Studies show that teenage students suffer from sleep deprivation – which could be affecting their learning.
The culprit? Blue light emitted from electronic devices such as mobile phones, computers and televisions.
Viewing blue light in the hours before going to sleep is thought to disrupt the body’s natural clock cycles, known as circadian rhythms. This is because it affects the level of the sleep-inducing hormone melatonin, making it harder to fall asleep.
Changes in sleep patterns can shift the body clock and lead to severe health complications.
According to the National Sleep Foundation, teens need between 8 and 10 hours of sleep a night to function at their best.
However, teenagers’ poor sleep could also be the result of the hormonal changes experienced during puberty. Studies show that while in adults, melatonin is released at around 10pm, teenagers do not experience this release until 1am.
Sleep deprivation in teenage students can lead to weakened memory, a reduced ability to learn, increased risk of depression and a build-up of neurotoxin (a poison which acts on the nervous system), all of which make it even harder for teenagers to get a good night’s sleep. Lack of sleep can also make teenagers more susceptible to skin diseases, such as acne.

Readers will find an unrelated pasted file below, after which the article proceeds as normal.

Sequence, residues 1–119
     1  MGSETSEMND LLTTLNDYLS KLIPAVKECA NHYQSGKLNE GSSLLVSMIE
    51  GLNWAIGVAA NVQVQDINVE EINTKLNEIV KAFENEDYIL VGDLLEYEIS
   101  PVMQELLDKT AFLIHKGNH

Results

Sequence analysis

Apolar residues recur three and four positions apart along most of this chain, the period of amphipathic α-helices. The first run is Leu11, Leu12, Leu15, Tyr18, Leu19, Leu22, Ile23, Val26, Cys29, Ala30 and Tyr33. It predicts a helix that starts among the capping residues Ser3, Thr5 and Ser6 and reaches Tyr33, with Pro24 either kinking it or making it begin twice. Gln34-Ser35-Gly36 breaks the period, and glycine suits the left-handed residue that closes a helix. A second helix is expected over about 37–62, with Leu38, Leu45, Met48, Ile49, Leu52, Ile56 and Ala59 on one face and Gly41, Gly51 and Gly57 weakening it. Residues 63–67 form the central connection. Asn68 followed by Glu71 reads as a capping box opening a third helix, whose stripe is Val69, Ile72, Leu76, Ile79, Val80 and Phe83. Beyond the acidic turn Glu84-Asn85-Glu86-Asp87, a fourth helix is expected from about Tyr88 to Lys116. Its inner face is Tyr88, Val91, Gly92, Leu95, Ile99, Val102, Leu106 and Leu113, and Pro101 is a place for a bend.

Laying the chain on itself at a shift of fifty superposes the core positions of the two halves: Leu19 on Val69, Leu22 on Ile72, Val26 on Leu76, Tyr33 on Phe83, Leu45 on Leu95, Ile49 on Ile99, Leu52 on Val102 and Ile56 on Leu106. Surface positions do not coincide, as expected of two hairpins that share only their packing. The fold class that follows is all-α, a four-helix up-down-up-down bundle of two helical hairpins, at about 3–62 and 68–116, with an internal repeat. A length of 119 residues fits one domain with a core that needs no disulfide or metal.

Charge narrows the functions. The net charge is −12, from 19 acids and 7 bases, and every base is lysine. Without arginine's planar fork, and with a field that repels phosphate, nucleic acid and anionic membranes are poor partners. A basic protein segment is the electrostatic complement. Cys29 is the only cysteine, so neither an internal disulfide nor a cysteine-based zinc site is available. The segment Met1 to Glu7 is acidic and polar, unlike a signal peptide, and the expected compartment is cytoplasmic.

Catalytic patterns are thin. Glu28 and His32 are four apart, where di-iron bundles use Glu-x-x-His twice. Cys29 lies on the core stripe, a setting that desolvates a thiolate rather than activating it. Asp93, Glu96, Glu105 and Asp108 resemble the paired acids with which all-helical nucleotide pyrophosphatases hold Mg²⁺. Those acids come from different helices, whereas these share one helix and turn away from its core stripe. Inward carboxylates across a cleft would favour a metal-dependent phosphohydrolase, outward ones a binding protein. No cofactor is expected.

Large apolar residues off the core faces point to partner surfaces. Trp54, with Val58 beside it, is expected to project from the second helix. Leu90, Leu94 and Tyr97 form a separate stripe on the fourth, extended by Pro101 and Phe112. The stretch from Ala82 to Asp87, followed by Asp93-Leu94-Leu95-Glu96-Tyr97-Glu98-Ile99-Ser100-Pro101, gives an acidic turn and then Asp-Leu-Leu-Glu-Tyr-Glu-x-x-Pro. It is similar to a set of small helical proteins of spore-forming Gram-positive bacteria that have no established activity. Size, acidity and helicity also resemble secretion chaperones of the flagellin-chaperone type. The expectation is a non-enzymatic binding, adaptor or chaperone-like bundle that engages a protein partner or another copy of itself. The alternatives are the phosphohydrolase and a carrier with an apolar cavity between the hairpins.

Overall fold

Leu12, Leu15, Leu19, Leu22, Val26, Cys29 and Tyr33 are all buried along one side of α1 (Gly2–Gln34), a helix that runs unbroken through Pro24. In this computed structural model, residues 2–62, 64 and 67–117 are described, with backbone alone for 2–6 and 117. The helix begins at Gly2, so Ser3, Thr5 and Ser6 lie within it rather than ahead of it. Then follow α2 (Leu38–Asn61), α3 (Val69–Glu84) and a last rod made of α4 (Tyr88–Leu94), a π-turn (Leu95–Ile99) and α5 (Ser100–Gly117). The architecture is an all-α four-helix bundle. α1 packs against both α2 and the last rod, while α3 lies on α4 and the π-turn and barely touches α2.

We conducted a poll, asking 24 students and 4 teachers at CCHSG about their use of blue-light emitting devices in the evenings. 82% admitted to using electronic devices within an hour before going to bed.
Several teachers were also interviewed about how far they agreed with the hypothesis that using electronic devices late at night affects a student’s ability to learn.
Mr Nachman, Head of Computing, said: “It’s the draw to keep using electronic devices, even though students know they are tired, which is the problem.”
Mrs Davison, Head of Languages, said: “If the students aren’t getting enough sleep, that’s not a good thing.”
She added: “There should be a balance: students should be doing the things they enjoy but they should also get to bed at a suitable time.”
Studies in three Scottish schools suggest 52% of teenagers are sleep deprived. One study had 20% of participants reporting falling asleep in class in the previous fortnight.
Experts recommended using settings and apps that automatically shift screens on phones and other devices to dimmer, softer lights at night, as well as turning off electronics at least two hours before going to bed.
Results of our survey